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4.2 Mean Value Theorem & Rolle’s Theorem

4.2 Mean Value Theorem & Rolle’s Theorem. Mean Value Theorem. If f is a function that satisfies the following conditions: f is continuous on a closed interval [a, b] f is differentiable on the open interval (a, b) then there exists a number c in ( a, b) such that .

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4.2 Mean Value Theorem & Rolle’s Theorem

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  1. 4.2Mean Value Theorem &Rolle’s Theorem

  2. Mean Value Theorem • If f is a function that satisfies the following conditions: • f is continuous on a closed interval [a, b] • f is differentiable on the open interval (a, b) then there exists a number c in (a, b) such that In other words, there exists a point somewhere in (a, b) such that the instantaneous rate of change is equal to the average rate of change.

  3. Mean Value Theorem (c, f(c)) (b, f(b)) (a, f(a)) c

  4. Mean Value Theorem • Example: The points P(1, 1) and Q(3, 27) are on the curve f(x) = x3. Using the Mean Value Theorem, find c in the interval (1, 3) such that f’(c) is equal to the slope of the secant of PQ. Since f(x) is defined for all real numbers, f is continuous on [1, 3]. Also, f’(x) = 3x2 is defined for all real numbers; thus, f’(x) is differentiable on (1, 3). Therefore, by MVT, (use only positive root since it is in the interval (1, 3))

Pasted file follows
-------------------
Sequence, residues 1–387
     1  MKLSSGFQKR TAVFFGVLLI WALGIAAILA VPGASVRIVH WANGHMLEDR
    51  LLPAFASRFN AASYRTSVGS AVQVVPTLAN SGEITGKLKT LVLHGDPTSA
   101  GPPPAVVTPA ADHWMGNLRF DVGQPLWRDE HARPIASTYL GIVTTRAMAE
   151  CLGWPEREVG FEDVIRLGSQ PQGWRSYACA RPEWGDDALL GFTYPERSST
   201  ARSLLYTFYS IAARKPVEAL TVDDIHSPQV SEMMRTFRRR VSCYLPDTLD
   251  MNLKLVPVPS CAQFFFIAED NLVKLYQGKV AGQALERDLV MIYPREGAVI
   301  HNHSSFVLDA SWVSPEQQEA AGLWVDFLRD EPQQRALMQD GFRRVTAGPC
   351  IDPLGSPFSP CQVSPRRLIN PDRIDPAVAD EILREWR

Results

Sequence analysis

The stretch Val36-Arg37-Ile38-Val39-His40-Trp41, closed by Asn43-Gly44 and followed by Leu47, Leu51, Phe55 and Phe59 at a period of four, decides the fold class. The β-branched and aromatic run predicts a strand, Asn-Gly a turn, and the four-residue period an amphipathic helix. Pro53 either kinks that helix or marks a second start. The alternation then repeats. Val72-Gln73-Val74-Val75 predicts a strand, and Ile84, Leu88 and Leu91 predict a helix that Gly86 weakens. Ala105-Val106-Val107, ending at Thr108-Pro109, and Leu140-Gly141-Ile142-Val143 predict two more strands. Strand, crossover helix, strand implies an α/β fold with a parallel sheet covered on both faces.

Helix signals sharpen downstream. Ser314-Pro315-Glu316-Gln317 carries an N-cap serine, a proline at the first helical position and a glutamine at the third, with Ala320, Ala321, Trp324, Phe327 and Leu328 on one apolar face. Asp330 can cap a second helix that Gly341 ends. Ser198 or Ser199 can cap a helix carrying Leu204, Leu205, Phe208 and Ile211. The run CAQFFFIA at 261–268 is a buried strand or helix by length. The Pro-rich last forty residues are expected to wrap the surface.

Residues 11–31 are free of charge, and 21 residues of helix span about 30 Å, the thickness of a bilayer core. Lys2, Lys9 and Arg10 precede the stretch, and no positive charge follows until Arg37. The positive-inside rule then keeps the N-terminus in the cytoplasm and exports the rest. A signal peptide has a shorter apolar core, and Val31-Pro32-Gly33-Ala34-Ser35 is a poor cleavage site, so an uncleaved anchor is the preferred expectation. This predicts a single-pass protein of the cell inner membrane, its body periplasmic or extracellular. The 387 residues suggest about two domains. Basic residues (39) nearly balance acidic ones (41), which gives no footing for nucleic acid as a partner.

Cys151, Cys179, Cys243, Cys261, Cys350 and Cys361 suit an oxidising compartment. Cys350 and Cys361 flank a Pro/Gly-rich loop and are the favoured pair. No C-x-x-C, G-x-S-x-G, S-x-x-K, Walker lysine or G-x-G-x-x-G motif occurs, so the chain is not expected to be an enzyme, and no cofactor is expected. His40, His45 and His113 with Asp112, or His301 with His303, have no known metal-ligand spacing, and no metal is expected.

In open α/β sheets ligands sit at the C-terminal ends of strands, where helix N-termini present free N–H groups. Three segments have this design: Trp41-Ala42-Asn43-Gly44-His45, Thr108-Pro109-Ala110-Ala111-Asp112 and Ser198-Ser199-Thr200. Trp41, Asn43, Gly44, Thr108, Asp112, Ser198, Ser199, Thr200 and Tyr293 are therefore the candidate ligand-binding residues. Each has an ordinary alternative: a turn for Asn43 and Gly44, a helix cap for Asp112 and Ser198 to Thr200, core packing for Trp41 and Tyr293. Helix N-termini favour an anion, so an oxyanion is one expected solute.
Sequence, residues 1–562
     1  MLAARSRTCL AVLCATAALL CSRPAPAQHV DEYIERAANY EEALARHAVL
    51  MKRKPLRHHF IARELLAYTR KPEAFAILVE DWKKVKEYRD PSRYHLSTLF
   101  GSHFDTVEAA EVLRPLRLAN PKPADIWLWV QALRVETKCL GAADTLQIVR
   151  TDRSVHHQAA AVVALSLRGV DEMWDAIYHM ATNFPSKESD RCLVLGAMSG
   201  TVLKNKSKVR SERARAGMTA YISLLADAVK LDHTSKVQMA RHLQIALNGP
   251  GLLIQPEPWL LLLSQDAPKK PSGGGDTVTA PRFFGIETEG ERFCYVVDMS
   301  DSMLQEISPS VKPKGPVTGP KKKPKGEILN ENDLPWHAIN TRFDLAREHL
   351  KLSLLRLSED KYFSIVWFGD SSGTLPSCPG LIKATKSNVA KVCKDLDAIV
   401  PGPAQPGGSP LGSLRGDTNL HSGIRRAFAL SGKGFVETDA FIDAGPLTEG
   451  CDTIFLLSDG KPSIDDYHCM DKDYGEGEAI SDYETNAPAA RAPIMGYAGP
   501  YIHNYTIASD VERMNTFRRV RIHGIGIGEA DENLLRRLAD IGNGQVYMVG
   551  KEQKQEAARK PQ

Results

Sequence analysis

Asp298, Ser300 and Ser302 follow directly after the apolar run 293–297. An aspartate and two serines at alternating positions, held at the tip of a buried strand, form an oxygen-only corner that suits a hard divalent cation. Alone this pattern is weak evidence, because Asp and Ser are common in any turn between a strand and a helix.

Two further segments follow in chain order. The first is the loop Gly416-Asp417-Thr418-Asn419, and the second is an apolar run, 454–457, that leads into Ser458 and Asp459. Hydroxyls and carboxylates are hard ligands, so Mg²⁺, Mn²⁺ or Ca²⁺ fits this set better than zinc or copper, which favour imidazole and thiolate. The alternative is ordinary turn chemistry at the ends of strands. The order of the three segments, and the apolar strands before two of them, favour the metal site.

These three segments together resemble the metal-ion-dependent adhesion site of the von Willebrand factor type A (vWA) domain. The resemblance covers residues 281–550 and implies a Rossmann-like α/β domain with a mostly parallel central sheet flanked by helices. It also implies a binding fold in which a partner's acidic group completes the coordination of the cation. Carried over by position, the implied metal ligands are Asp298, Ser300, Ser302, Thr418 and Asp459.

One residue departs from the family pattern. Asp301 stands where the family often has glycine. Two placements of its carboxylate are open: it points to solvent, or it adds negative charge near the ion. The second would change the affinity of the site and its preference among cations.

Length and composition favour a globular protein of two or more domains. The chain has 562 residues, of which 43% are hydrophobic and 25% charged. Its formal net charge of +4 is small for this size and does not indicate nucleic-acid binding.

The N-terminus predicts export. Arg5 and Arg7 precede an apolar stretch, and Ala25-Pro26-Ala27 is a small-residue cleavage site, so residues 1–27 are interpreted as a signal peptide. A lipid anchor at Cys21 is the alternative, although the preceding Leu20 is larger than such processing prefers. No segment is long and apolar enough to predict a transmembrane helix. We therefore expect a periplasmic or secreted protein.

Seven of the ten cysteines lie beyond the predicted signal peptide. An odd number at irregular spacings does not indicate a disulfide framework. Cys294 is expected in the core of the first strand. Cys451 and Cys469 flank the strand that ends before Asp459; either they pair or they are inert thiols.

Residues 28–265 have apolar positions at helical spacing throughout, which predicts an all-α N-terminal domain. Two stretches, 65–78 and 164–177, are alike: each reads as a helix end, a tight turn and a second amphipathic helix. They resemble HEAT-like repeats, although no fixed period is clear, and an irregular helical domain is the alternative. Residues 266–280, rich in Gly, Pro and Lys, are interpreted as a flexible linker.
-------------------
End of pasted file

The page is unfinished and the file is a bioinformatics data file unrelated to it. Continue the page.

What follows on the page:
5. Rolle’s Theorem • If f is a function that satisfies the following three conditions: • f is continuous on a closed interval [a, b] • f is differentiable on the open interval (a, b) • f(a) = f(b) then there exists a number c in (a, b) such that f’(c) = 0.

  6. Rolle’s Theorem (c, f(c)) f‘(c) = 0 a b c

  7. Rolle’s Theorem • Example: If f(x) = x2 + 4x – 5, show that the hypotheses of Rolle’s Theorem are satisfied on the interval [–4, 0] and find all values of c that satisfy the conclusion of the theorem. 1.) f(x) = x2 + 4x – 5 is continuous everywhere since it is a polynomial. 2.) f’(x) = 2x + 4 is defined for all numbers and thus is differentiable on (–4, 0). 3.) f(0) = f(–4) = –5. Therefore, there exists a c in (–4, 0) such that f’(c) = 0 f‘(x) = 2x + 4 = 0 x = –2

  8. Increasing/Decreasing Functions • A function is increasing on (x1, x2) if: • f(x1) < f(x2) OR • f‘(x) > 0 at each point of (x1, x2) • A function is decreasing on (x1, x2) if: • f(x1) > f(x2) OR • f‘(x) < 0 at each point of (x1, x2)

  9. Antiderivatives • A function F(x) is an antiderivative of a function f(x) if F’(x) = f(x) for all x in the domain of f.

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